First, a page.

The Cabinet discussion however had reportedly been hijacked by some ministers and for some unknown reason; the discussion had turned from protocol to language as they had argued that the Anthem should be sung only in Sinhala during State functions, whereas this seemed to be an unnecessary diversion seeing the 1978 Constitution in fact explicitly embodies Sinhala as the language to be used. 

Prior to 1978, the National Anthem was in fact sung both in Sinhala and Tamil, especially in the north and the east during official functions in the presence of past prime ministers of the country, including in the presence of two Prime Ministers accused of being Sinhala extremists, S.W.R.D. Bandaranaike and Sirimavo Bandaranaike.

Some have expressed an opinion that Sri Lanka would be setting a unique tradition that is not found in other countries. This is not so, as there are several countries such as Canada, the Philippines, Belgium, Switzerland, South Africa, and New Zealand where the National Anthem is sung in two or more languages in full or in parts. 

 

History of the National Anthem

In recalling the history of the Sri Lankan National Anthem, the great Bengali poet Rabindranath Tagore’s association with it is reported in The Hindu (see link) “Sri Lanka’s National Anthem was also penned by Tagore: Apa Sri Lanka, Nama Nama Nama Nama Mata, Sundar Sri Boroni was originally Nama Nama Sri Lanka Mata in Bangla, written and set to its tune by Tagore. He did it at the request of his favourite Sri Lankan student at Santiniketan, Ananda Samarkun, in 1938. In 1940, Ananda returned to his native land and translated the song into Sinhalese and recorded it in Tagore’s tune.”

It was written when Sri Lanka was still a British colony and was initially written as a tribute to Sri Lanka, expressing sentiments of freedom, unity and independence, and not for the purpose of serving as a National Anthem. 

Interestingly, the genesis of the Sri Lankan National Anthem is shrouded in controversy. D.B.S. Jeyaraj traces the evolution of the present day Anthem in his article National Anthem: From “Namo Namo” to “Sri Lanka Matha” (31 December 2010 – see link). The many trials and tribulations that were experienced and the labour pains undergone in arriving at a popularly accepted National Anthem are traced by Jeyaraj. It is sad to note that the Sri Lankan author of the present day Anthem, Ananda Samarakoon, had died an unhappy man because some changes had been made to his original version with the words Namo Namo Matha being replaced by Sri Lanka Matha without his consent.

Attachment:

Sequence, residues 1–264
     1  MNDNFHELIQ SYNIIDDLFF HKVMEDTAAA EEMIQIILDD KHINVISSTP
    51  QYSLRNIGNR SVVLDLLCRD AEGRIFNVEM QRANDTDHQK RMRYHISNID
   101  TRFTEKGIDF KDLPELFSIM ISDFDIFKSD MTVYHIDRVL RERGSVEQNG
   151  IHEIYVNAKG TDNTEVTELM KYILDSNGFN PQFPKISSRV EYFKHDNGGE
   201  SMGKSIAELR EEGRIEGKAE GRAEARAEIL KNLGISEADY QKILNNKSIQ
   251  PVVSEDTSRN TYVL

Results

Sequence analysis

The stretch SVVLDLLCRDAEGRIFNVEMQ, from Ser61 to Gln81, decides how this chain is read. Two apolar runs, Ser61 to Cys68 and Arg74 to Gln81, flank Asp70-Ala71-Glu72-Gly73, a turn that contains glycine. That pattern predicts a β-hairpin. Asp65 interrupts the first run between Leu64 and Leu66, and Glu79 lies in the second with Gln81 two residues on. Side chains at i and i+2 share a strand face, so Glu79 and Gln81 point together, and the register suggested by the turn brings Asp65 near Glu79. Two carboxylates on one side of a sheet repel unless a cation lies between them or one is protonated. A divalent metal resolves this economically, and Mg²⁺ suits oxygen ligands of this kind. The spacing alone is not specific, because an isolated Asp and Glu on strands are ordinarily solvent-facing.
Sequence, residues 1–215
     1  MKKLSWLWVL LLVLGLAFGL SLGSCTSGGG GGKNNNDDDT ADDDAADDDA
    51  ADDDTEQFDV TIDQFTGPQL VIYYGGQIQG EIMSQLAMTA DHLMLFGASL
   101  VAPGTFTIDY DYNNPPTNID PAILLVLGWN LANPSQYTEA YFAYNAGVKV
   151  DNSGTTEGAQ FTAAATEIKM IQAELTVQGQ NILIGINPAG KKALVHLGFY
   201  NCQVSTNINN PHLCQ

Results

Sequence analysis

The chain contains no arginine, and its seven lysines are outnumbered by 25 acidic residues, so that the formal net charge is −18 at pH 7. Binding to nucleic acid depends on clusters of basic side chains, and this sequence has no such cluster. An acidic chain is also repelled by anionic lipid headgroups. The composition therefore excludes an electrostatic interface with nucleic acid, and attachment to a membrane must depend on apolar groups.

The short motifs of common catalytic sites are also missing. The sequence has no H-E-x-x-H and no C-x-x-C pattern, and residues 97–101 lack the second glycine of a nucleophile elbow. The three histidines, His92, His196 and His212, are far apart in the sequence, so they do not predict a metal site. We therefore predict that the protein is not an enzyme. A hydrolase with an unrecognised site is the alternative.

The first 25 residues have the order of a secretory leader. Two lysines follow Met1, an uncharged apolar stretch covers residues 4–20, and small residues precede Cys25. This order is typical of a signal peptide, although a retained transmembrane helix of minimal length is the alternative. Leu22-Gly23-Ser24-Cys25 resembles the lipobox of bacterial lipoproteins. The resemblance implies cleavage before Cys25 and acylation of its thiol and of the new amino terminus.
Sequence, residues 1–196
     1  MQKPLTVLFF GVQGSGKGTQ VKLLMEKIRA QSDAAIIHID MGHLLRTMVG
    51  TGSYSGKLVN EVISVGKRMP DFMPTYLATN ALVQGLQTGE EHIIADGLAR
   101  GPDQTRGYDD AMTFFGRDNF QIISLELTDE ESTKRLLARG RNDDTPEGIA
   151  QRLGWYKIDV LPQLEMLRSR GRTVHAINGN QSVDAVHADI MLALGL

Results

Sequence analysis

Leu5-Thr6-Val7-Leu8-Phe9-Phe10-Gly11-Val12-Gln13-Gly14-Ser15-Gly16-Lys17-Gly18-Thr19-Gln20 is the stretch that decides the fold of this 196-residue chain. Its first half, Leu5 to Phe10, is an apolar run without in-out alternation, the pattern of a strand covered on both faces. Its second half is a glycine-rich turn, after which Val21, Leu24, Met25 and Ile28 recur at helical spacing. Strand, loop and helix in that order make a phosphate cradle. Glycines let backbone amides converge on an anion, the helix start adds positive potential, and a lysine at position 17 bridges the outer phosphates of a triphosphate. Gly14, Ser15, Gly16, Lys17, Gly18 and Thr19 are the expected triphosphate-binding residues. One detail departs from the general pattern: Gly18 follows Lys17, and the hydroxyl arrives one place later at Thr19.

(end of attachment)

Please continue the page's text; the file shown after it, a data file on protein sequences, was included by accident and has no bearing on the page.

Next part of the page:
Jeyaraj states that the National Anthem proposed by the government of the time, ‘Yasa Mahima’ was in fact rejected by the people of Ceylon who preferred Ananda Samarakoon’s ‘Namo Namo Matha’ and consistently sang the latter rather than the former, ‘Yasa Mahima’ the official Anthem. ‘Namo Namo Matha’ though without official recognition became popular as a “de-facto” national anthem.

In 1950 the then Finance Minister J.R. Jayewardene presented a cabinet memorandum that the widely popular “Namo Namo Matha” be formally acknowledged as the official anthem. The committee appointed, headed by Sir E.A.P. Wijeratne considered “Namo Namo Matha” and some other lyrics and decided that Samarakoon’s song should be the national anthem, the following year.

In 1951 Tamil scholar Pundit M. Nallathamby translated the Sinhala version to Tamil and this became the official Tamil version. 

This development, of ‘listening to the people’ personifies the level of Democracy in Ceylon in the post-independence era, which could benefit a Sri Lanka in the 21st century.

 

India and Singapore